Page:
Originally published June 8, 2016
By Lisa Y. Garibay
One researcher’s critical work on treating breast and prostate cancer is saving lives as well as turning heads.
Marc Cox, Ph.D., associate professor in The University of Texas at El Paso’s Department of Biological Sciences, has been selected as the 2016 Texas Inventor of the Year for his treatments, which he developed at UTEP.
The Intellectual Property Committee of the State Bar of Texas selected the researcher from a highly competitive field of nominees.
“Dr. Cox’s research has resulted in an entirely new class of drugs that bypass the hormone sensors all together and instead block internal messages within cancer cells, so the cancer acts as if its hormone sensors are ‘off’ and does not grow,” said Michelle Lecointe, chair of last year’s Inventor of the Year committee.
“Without a constant message to grow, the cancer may die partially on its own or become much easier to kill with combination treatment,” Lecointe added.
Cox is the first awardee from a university and will receive his award at the Annual Meeting of the State Bar of Texas in Fort Worth on June 17, 2016.
Prostate and breast cancer growth is frequently driven in response to the body’s own hormones. As a result, many current therapies include hormone-blocking agents.
However, a significant number of cancers develop the ability to grow even in the absence of hormones because their hormone sensors become stuck in an “on” state that normally only occurs in response to hormones, making them resistant to hormone-blocking treatments. Such treatment-resistant cancers account for a significant proportion of deaths for those diagnosed with breast and prostate cancer.
Cox developed drug candidate medications that target a critical protein for androgen receptor signaling, which is a process that these cancers are dependent on for growth. Pharmaceutical compounds developed by Cox will help pave the way for the development of similar technologies that have fewer undesirable side effects than current treatments, thereby improving patients’ quality of life.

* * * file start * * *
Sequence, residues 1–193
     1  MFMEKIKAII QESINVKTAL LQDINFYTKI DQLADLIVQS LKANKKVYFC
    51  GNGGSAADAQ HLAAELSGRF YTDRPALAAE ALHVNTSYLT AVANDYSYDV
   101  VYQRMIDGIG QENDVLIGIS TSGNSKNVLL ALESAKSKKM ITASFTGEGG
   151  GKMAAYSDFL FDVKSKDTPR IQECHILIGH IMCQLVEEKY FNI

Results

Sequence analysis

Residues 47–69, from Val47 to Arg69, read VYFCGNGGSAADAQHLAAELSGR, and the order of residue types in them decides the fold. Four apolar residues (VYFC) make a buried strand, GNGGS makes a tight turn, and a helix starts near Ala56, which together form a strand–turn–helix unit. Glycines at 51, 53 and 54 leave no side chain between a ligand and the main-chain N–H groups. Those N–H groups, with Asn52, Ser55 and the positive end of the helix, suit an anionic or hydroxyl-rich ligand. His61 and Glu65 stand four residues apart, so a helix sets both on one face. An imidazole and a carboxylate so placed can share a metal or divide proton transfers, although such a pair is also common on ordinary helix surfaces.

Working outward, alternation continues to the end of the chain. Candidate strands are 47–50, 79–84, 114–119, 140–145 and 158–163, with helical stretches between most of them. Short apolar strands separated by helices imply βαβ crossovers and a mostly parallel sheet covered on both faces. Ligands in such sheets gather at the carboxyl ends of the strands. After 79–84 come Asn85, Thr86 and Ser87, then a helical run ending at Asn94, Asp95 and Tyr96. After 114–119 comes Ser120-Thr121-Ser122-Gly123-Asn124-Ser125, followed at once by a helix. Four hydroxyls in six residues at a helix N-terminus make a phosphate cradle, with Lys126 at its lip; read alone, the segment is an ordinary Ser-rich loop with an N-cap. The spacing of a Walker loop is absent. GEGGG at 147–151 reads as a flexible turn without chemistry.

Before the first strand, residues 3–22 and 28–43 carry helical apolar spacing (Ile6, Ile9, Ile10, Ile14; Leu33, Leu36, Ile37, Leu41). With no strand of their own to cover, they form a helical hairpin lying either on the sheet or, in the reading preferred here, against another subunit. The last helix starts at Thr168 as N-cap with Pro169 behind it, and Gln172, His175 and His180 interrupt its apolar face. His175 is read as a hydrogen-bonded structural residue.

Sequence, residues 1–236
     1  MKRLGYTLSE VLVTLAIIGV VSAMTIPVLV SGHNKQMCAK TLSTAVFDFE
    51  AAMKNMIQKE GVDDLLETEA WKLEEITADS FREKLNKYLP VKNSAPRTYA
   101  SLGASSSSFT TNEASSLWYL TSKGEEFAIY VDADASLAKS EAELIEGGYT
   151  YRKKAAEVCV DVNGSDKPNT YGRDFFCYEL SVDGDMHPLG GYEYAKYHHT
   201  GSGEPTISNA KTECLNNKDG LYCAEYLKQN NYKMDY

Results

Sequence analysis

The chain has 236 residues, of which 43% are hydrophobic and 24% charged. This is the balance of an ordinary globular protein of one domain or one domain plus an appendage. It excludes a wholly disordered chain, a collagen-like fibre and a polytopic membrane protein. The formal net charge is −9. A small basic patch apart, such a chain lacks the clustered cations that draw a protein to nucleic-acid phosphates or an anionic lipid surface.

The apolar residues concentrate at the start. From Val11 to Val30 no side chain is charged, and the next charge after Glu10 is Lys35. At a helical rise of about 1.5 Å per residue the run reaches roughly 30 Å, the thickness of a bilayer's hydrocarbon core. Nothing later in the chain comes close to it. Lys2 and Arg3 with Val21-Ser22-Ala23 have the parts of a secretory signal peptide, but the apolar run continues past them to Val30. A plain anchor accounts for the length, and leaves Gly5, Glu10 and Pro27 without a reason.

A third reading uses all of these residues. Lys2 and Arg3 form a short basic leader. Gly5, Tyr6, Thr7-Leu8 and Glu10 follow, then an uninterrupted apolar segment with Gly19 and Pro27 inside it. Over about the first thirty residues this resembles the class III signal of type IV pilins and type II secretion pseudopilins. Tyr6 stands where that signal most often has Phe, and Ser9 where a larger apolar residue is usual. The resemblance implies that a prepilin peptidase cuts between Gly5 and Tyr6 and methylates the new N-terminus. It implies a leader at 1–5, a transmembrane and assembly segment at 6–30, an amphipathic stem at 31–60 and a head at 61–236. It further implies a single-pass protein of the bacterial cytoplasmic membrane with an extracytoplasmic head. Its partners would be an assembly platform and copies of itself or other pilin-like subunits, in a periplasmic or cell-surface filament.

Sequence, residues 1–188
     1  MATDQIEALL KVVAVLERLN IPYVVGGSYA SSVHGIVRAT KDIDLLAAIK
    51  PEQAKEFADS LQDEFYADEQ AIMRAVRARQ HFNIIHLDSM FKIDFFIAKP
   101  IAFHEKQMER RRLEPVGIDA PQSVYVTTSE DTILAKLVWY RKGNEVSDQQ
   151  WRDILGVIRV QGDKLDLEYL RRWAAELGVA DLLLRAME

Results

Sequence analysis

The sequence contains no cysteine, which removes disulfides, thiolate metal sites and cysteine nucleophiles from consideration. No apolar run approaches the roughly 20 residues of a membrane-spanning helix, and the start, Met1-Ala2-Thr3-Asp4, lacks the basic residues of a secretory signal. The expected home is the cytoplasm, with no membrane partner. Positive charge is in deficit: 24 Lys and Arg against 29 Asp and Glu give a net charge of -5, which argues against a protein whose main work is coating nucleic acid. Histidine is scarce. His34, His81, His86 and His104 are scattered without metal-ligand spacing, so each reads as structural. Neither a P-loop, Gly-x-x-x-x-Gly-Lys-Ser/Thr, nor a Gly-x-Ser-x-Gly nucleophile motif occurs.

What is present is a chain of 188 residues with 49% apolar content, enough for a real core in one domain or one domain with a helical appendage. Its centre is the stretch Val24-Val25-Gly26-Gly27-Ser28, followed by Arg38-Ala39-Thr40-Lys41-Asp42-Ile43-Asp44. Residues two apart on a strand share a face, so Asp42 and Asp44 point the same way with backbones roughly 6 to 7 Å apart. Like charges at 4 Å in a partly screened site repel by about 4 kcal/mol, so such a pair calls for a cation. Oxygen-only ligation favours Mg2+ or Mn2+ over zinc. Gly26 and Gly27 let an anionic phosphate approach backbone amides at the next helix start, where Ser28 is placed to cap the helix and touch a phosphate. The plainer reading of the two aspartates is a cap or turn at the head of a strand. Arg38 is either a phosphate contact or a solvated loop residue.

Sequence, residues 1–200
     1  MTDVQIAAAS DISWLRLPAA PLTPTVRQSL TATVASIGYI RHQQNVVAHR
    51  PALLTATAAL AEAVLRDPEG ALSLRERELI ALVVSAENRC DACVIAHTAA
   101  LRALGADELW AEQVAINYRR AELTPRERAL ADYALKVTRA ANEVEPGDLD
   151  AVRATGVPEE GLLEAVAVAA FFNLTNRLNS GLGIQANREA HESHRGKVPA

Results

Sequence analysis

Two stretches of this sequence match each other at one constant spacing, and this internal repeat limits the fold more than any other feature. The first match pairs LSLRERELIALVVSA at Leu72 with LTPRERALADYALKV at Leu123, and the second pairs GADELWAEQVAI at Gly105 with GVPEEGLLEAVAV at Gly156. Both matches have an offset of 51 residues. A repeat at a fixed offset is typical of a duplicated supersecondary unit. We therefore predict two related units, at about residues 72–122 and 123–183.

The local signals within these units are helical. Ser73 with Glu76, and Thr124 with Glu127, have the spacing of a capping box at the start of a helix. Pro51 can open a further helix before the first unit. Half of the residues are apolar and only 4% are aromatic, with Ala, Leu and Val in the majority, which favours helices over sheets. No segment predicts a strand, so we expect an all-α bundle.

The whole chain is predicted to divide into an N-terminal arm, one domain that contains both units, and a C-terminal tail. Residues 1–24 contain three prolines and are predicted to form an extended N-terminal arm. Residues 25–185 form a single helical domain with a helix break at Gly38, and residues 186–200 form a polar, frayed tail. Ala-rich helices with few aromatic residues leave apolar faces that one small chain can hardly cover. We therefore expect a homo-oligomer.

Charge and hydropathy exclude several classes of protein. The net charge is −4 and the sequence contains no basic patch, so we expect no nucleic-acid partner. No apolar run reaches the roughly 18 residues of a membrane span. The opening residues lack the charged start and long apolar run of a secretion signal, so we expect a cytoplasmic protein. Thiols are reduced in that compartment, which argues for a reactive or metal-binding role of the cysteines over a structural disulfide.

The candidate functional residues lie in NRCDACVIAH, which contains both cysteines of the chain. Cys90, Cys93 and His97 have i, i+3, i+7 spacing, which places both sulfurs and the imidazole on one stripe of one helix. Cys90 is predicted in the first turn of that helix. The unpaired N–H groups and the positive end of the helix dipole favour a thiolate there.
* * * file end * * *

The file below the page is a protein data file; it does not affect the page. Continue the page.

The educator was excited and honored to have been named the 2016 Inventor of the Year.
“As a scientist, nothing would satisfy me more than to see my work directly contribute to increasing patient quality of life, and my efforts in technology development and commercialization are necessary steps toward that ultimate goal,” Cox said. “Recognitions such as this provide strong validation of my technology development efforts, and of the great strides that UTEP has made toward fostering and supporting highly competitive research.”
Preliminary findings suggest that Cox’s therapeutic strategy will lead to more potent and effective drugs. These drugs will likely demonstrate efficacy toward the treatment of breast and prostate cancers, either alone or in combination with existing therapeutics.
“Cox is adding new weapons to the clinicians’ arsenal of treatments that will provide greater options for the design of individualized and/or combination therapies, and significantly contribute to the reduction of death from prostate or breast cancer,” said Roberto Osegueda, Ph.D., vice president for research at UTEP.
Novel technologies and new goods are at the heart of economic progress, and the major long-term economic benefits of novel drug technologies include increased longevity of patients, reduced limitations on patient activities including working, and reduced medical expenditures.
Six patents related to Cox’s breast and prostate cancer treatments are currently pending and issued.
“These novel drug technologies and their development toward commercialization attract funding that benefits the University, The University of Texas System and the regional economy through increased research expenditures and the creation of jobs,” said Melissa Silverstein, director of UTEP’s Office of Technology Commercialization.
To date, these technologies have attracted close to $2.3 million in research funding and created at least five new jobs within the academic research sector in Cox’s lab at UTEP.
Cox is currently working with scientists from the National Institutes of Health, Texas Southern University, Clark Atlanta University and the University of Colorado to conduct pre-clinical studies, and is in discussion with collaborators to design the initial clinical testing of the compounds.
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